Creedmoor Psychiatric Center

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Creedmoor Psychiatric Center
Creedmore Psych Cen jeh.jpg
Winchester Boulevard entrance
LocationQueens Village, Queens, New York, United States
Coordinates40°44′29″N 73°43′54″W / 40.74139°N 73.73167°W / 40.74139; -73.73167Coordinates: 40°44′29″N 73°43′54″W / 40.74139°N 73.73167°W / 40.74139; -73.73167
Care systemMedicaid, private
NetworkNew York State Office of Mental Health
ListsHospitals in New York
Other linksHospitals in Queens

Creedmoor Psychiatric Center is a psychiatric hospital at 79-26 Winchester Boulevard in Queens Village, Queens, New York, United States. It provides inpatient, outpatient and residential services for severely mentally ill patients. The practical nurses and nurse assistants live and work on the property. The hospital occupies more than 300 acres (1.2 km2) and includes more than 50 buildings.[1]

The site was named after the Creed family, which farmed on the site. It later was used as a firing range from the 1870s until 1892. The Farm Colony of Brooklyn State Hospital was opened on the site in 1912, with 32 patients. By 1959, the hospital housed 7,000 inpatients. The hospital's census declined by the early 1960s, and unused portions were sold off and developed into the Queens County Farm Museum, a school campus, and a children's psychiatric center.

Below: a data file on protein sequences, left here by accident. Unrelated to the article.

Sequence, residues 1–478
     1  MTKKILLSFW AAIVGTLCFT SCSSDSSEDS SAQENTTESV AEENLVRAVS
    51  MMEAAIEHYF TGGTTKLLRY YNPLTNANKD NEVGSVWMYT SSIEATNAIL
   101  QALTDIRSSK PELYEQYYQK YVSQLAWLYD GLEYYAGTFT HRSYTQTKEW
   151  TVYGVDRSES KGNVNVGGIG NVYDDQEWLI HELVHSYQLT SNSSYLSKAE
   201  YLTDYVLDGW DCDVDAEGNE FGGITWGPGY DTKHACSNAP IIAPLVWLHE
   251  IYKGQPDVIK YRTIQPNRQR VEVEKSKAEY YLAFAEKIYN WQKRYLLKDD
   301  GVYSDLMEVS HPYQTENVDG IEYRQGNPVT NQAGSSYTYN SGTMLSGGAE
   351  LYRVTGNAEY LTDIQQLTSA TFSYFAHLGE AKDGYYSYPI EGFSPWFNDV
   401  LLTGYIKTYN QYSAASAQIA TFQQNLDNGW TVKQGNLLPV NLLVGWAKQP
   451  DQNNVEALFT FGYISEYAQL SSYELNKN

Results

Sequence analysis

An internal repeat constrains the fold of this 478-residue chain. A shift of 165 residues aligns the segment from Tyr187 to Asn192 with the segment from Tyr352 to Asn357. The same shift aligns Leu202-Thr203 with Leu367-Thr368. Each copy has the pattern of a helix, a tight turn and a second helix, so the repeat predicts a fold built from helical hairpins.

Creedmoor station in 1891

The hospital's name derives from the Creeds, a family that previously farmed the site. The local railroad station on a line that ran from Long Island City to Bethpage took the name Creedmoor, apparently from the phrase “Creed's Moor,” describing the local geography,[2] In the early 1870s, New York State purchased land from the Creeds for use by the National Guard and by the National Rifle Association (NRA) as a firing range. The Creedmoor Rifle Range hosted prestigious international shooting competitions, which became the forerunner of the Palma Trophy competition.[3] In 1892, as a result of declining public interest and mounting noise complaints from the growing neighborhood, the NRA deeded its land back to the state.[3]


In 1912, the Farm Colony of Brooklyn State Hospital was opened, with 32 patients, at Creedmoor by the Lunacy Commission of New York State, reflecting a trend towards sending the swelling population of urban psychiatric patients to the fresh air of outlying areas. By 1918, Creedmoor's own census had swollen to 150, housed in the abandoned National Guard barracks. By 1959, the hospital housed 7,000 inpatients.[2] Creedmoor is described as a crowded, understaffed institution in Susan Sheehan's Is There No Place On Earth For Me? (1982), a biography of a patient pseudonymously called Sylvia Frumkin. Dr. Lauretta Bender, child neuropsychiatrist, has been reported as practicing there in the 1950s and 1960s. In the late 1970s, one of its more notorious patients was former NYPD officer Robert Torsney, who was committed there in December 1977 after being found not guilty by reason of insanity in the 1976 murder of then 15-year-old Randolph Evans in Brooklyn and was kept there until July 1979 when reviewers declared him no longer a threat.